(Greek, spurred flower). Valerian-acese. Centranth. Annual and perennial herbs, one of which is frequent in old gardens.

Leaves opposite, entire, dentate, or pinnatisect: flowers in dense clusters, small, red or white, terminating the branches; calyx cut into 5-15 narrow divisions, enlarging after flowering; corolla slender-tubed, 5-parted, spurred at the base; stamen 1; flowers with a pappus-like crest. - About a dozen species in the Medit. region, some of them sometimes half shrubby. C. ruber, the common garden species, sometimes escapes and becomes more or less spontaneous.


DC. Red Valerian. Jupiter's Beard. Perennial, 1-3 ft., smooth and glaucous, forming a compact and floriferous bushy plant: leaves ovate to lanceolate, some of them toothed at base but mostly entire: flowers numerous, deep crimson to pale red, fragrant. Eu., E. -A very handsome old garden plant, too much neglected; blooms all summer; excellent for cutting. Increased by division; also by seeds. There is a white-flowered form (variety albus).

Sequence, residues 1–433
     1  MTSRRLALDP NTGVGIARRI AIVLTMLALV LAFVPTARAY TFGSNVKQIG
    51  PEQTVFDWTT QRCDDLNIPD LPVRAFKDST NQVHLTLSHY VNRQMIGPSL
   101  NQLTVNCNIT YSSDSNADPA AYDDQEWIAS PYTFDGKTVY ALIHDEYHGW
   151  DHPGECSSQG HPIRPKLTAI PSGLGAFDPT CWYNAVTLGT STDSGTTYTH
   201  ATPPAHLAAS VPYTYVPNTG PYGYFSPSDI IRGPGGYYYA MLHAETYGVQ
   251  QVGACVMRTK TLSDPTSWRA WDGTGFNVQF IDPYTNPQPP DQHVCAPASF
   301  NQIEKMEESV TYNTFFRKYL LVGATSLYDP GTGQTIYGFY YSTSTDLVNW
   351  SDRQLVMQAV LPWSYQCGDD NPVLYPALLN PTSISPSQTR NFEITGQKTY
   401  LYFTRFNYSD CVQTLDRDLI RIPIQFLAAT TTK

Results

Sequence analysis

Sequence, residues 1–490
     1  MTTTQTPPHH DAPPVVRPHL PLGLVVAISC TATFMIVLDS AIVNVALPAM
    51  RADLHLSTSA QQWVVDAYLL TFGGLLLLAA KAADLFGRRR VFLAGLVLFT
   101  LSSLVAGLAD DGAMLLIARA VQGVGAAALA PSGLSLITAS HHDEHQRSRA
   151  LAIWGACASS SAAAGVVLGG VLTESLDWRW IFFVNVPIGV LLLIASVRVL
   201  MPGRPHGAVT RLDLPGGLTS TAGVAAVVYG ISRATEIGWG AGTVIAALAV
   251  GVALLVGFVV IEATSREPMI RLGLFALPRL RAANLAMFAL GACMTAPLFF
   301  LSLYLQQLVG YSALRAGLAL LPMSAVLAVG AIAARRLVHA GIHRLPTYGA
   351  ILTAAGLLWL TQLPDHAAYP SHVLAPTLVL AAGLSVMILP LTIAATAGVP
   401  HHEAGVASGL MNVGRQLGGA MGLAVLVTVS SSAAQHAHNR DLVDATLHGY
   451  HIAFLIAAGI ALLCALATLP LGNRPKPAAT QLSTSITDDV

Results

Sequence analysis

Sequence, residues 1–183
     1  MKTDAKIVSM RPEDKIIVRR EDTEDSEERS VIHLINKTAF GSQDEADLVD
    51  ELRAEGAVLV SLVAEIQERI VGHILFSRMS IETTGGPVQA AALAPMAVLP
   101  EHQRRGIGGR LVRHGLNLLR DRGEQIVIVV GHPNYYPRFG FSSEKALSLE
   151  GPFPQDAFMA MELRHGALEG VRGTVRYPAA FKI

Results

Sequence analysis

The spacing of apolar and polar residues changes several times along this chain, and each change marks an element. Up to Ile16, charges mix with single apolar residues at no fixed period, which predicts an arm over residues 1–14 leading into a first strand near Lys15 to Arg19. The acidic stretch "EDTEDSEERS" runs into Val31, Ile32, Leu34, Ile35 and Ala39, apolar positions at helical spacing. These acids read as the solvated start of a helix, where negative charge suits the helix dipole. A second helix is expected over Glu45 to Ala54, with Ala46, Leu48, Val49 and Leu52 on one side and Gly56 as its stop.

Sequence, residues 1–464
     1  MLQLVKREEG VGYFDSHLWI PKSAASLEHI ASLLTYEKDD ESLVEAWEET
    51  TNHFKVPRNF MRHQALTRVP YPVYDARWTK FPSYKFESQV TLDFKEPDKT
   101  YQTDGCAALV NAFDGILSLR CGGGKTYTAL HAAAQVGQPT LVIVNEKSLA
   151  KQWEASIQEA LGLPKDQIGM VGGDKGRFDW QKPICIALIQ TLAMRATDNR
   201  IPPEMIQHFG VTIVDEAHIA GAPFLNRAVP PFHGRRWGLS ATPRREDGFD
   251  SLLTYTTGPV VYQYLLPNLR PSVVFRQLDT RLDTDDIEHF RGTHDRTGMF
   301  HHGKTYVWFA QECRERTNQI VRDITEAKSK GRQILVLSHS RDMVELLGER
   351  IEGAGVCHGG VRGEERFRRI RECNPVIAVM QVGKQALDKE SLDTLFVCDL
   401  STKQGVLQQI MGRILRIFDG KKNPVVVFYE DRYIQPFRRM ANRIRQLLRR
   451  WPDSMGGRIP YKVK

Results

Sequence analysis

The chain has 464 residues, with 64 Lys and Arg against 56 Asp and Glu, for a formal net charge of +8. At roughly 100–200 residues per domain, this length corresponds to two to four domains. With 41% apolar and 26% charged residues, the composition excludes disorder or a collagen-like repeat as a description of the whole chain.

DC. Perennial, glaucous, to 2 ft., simple or somewhat branched: leaves linear-lanceolate or linear, very entire, nearly perfoliate: flowers clear rose, fragrant. S. Eu. - There is a white-flowered form (variety albus).


Boiss. Annual, of easy cult, in any good soil: 1-2 ft.: leaves ovate, glaucous, toothed: flowers larger than in the last, deep rose. Spain. - There are white-fid. (variety albus) and dwarf (variety nanus) forms. Excellent for rockeries and borders; also for lawn vases. L. H. B